Renault has switched all its Formula 1 teams onto its newest specification alternators for this weekend's Brazilian Grand Prix, following Mark Webber's failure in the United States.
With post-race analysis of Webber's broken alternator from last weekend showing a repeat of the problem that put Sebastian Vettel out of the European and Italian Grands Prix, Renault believes the safest solution is to make partner teams Red Bull, Lotus, Williams and Caterham all use the latest version.
Although the change of alternators comes at a crucial time for Red Bull, which is fighting for the world championship against Ferrari in Brazil, Renault is confident that the latest specification is the best solution.
Renault's head of trackside operations Remi Taffin said dyno testing and a detailed analysis of the new alternator that Romain Grosjean raced for the first time at Austin has given it confidence about reliability.
"We have had no issues at all," he told AUTOSPORT about the new alternators. "We sent the one from Grosjean's car back to France to strip it and make sure that everything is fine. We wanted to make sure we did everything we could do, and that was all fine."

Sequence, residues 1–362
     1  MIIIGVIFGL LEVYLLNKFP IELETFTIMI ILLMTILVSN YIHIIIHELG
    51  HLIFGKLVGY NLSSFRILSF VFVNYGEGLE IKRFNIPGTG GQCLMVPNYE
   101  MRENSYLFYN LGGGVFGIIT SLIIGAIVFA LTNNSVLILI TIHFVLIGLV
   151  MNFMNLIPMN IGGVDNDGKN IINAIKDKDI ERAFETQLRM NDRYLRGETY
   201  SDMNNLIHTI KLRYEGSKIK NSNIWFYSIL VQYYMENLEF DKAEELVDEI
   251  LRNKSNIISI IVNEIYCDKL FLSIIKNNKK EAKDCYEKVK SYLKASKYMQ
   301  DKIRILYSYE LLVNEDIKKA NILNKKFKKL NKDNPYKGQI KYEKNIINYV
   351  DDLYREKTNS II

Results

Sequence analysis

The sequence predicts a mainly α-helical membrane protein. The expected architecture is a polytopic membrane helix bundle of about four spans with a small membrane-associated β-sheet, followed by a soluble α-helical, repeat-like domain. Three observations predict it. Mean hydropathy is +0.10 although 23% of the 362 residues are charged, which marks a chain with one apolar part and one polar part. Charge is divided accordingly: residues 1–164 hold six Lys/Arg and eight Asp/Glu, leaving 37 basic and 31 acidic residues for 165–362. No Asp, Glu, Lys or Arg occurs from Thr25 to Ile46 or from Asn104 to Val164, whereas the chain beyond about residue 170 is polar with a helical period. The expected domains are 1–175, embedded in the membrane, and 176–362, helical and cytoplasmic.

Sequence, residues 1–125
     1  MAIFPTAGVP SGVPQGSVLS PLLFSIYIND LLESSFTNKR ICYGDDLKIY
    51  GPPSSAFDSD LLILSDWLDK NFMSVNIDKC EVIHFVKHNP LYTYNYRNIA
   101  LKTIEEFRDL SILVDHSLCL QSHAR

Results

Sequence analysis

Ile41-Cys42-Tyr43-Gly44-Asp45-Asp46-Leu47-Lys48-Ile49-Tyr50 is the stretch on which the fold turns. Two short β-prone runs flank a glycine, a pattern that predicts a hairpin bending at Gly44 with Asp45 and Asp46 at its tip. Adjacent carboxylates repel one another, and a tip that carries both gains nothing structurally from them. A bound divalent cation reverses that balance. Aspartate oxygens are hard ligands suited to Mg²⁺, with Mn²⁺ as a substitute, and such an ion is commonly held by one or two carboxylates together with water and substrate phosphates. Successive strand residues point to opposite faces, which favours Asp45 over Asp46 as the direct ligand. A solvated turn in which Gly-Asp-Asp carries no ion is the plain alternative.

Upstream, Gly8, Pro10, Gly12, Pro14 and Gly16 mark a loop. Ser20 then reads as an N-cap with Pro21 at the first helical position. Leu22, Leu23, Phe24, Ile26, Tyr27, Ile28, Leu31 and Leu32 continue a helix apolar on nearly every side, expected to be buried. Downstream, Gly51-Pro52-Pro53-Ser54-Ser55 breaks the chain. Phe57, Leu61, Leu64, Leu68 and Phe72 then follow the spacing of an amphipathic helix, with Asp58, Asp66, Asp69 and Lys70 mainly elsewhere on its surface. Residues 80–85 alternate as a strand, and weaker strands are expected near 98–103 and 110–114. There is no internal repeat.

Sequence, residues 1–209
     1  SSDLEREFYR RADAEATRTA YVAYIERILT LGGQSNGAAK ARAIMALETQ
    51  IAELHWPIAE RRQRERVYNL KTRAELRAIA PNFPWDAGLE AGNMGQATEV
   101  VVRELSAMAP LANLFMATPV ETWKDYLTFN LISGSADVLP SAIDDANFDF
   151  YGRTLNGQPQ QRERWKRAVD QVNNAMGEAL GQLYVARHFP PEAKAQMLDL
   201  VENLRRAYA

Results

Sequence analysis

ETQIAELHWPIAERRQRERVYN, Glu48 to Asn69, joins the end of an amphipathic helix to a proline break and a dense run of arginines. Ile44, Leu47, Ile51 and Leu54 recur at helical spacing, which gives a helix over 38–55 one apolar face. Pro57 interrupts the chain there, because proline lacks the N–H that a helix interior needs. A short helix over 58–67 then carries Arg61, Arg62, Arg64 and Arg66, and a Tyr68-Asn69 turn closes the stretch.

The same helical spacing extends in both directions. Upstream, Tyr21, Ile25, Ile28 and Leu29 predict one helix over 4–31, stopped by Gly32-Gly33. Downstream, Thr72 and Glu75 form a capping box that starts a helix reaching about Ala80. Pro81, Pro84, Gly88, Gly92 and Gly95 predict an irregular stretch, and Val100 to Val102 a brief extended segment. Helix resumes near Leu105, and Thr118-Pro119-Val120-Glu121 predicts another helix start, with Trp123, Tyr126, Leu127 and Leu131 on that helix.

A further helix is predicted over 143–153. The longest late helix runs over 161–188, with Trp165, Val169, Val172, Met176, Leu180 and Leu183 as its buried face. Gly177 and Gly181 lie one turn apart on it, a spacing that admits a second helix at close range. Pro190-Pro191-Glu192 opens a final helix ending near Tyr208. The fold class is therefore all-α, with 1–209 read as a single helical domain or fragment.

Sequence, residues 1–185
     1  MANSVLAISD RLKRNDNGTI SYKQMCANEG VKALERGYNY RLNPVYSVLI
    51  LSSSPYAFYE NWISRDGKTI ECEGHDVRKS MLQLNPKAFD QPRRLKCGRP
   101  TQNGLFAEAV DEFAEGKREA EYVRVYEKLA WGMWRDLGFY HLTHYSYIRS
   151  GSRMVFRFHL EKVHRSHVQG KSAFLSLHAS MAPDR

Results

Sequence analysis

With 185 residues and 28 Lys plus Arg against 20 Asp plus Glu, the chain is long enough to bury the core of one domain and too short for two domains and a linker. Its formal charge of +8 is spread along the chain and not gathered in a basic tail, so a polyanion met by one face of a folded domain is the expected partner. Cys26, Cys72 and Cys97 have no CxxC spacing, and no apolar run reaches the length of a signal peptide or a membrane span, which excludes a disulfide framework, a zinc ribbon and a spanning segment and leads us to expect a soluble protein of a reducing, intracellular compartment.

When asked if he was as relaxed as he could be about the alternator situation ahead of such a key weekend, Taffin said: "Yes. I can bet you anyone in the pitlane will tell you they are 100 per cent confident for the race, but maybe you will find some say 99 per cent, and I will say I am 99 per cent for here.
"There is no reason [to worry]. We have plenty of other reasons to have a problem - but not this one."
Grosjean and the two Caterhams were the first to race with the new alternators at Austin and, with them encountering no problems while Webber retired with an unusual early failure with an older version, Taffin said there was no other option but to change over for this weekend.
"We sent back the parts [of Webber's alternator] to our headquarters in France and we actually stripped it and we could clearly see that the problem is the same as we experienced in Monza and Valencia. It was exactly the same failure.
"It is very early in terms of mileage and also early in terms of batch, chronologically speaking, so we have no other choice but to go for the next specification."